The Supreme Court has recently set aside the judgment of the Gauhati High Court which held that a person can only be prosecuted under the Motor Vehicles Act, 1988 for the offences like rash driving, over speeding etc and not under the Indian Penal Code, 1860.

The Supreme Court has held that the Motor Vehicles Act and the Indian Penal Code operate in their independent spheres and a person can be prosecuted under both the statutes for an offence relating to road and traffic safety.
The Bench stated that though the Motor Vehicles Act is a complete code in itself, it does not bar that offences mentioned the Act cannot be prosecuted under any other statute.

The ingredients of the offences that are mentioned under the Motor Vehicles Act and Indian Penal Code are different and therefore it can be said that they do not supersede each other. Thus, an accused can be prosecuted under both for independent offences and the principle of primacy of a special law over a general law would not be applicable in such cases.

The Court further pointed out that Motor Vehicles are silent on certain offences such as death, grievous hurt or hurt whereas, the IPC do have these as a punishment of the matters which relate to the motor vehicles.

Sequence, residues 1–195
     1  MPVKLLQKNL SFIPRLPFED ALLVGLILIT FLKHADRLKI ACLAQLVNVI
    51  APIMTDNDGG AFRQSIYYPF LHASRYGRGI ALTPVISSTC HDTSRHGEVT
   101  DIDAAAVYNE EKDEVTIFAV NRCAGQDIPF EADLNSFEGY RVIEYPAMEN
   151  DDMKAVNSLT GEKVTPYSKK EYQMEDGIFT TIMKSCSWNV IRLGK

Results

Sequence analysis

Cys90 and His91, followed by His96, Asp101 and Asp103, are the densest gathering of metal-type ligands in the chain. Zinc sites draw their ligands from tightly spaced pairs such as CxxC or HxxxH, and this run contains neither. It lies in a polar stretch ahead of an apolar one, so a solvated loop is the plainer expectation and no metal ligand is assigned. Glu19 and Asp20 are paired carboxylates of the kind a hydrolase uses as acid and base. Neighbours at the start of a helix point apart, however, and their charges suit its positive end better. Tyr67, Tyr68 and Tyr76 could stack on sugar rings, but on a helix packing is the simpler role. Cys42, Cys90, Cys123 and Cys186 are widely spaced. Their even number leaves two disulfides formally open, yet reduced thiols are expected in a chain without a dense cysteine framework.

Another important aspect that has to be kept in mind is the relationship between the manner in which the crime has occurred with the punishment awarded. The maximum punishment awarded for the first time offenders in the Motor Vehicle Act is six months while under IPC; it can go to ten years.

The punishment imposed under the IPC is stricter and more proportionate to the offences relating to motor vehicle accidents in comparison to the MV Act. This becomes another reason for the simultaneous application of the two statutes, the judgment states.

Therefore, the order of the Gauhati High Court was set aside.

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